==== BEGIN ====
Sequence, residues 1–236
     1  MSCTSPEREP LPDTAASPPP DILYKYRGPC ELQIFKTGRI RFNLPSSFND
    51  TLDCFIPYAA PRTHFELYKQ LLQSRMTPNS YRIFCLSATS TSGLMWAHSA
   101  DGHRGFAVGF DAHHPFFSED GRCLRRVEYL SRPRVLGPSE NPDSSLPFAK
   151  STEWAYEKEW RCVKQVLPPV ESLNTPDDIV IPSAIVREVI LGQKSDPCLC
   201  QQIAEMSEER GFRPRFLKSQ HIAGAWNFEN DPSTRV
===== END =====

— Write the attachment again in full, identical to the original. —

Sequence, residues 1–236
     1  MSCTSPEREP LPDTAASPPP DILYKYRGPC ELQIFKTGRI RFNLPSSFND
    51  TLDCFIPYAA PRTHFELYKQ LLQSRMTPNS YRIFCLSATS TSGLMWAHSA
   101  DGHRGFAVGF DAHHPFFSED GRCLRRVEYL SRPRVLGPSE NPDSSLPFAK
   151  STEWAYEKEW RCVKQVLPPV ESLNTPDDIV IPSAIVREVI LGQKSDPCLC
   201  QQIAEMSEER GFRPRFLKSQ HIAGAWNFEN DPSTRV